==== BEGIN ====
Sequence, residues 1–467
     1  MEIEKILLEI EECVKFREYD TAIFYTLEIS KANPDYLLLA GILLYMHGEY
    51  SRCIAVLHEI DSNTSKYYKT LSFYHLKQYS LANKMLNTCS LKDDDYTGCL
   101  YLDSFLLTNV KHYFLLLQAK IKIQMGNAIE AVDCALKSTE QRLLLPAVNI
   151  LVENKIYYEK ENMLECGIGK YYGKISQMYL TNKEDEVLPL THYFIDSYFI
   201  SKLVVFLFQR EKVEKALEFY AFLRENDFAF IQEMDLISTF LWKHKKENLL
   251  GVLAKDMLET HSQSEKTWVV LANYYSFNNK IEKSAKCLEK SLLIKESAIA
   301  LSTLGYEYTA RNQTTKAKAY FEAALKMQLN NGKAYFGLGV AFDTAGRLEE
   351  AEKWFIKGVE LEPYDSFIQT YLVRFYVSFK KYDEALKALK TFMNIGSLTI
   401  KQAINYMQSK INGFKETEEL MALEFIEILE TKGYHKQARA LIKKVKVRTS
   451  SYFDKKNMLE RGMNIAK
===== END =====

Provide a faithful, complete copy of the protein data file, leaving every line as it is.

Sequence, residues 1–467
     1  MEIEKILLEI EECVKFREYD TAIFYTLEIS KANPDYLLLA GILLYMHGEY
    51  SRCIAVLHEI DSNTSKYYKT LSFYHLKQYS LANKMLNTCS LKDDDYTGCL
   101  YLDSFLLTNV KHYFLLLQAK IKIQMGNAIE AVDCALKSTE QRLLLPAVNI
   151  LVENKIYYEK ENMLECGIGK YYGKISQMYL TNKEDEVLPL THYFIDSYFI
   201  SKLVVFLFQR EKVEKALEFY AFLRENDFAF IQEMDLISTF LWKHKKENLL
   251  GVLAKDMLET HSQSEKTWVV LANYYSFNNK IEKSAKCLEK SLLIKESAIA
   301  LSTLGYEYTA RNQTTKAKAY FEAALKMQLN NGKAYFGLGV AFDTAGRLEE
   351  AEKWFIKGVE LEPYDSFIQT YLVRFYVSFK KYDEALKALK TFMNIGSLTI
   401  KQAINYMQSK INGFKETEEL MALEFIEILE TKGYHKQARA LIKKVKVRTS
   451  SYFDKKNMLE RGMNIAK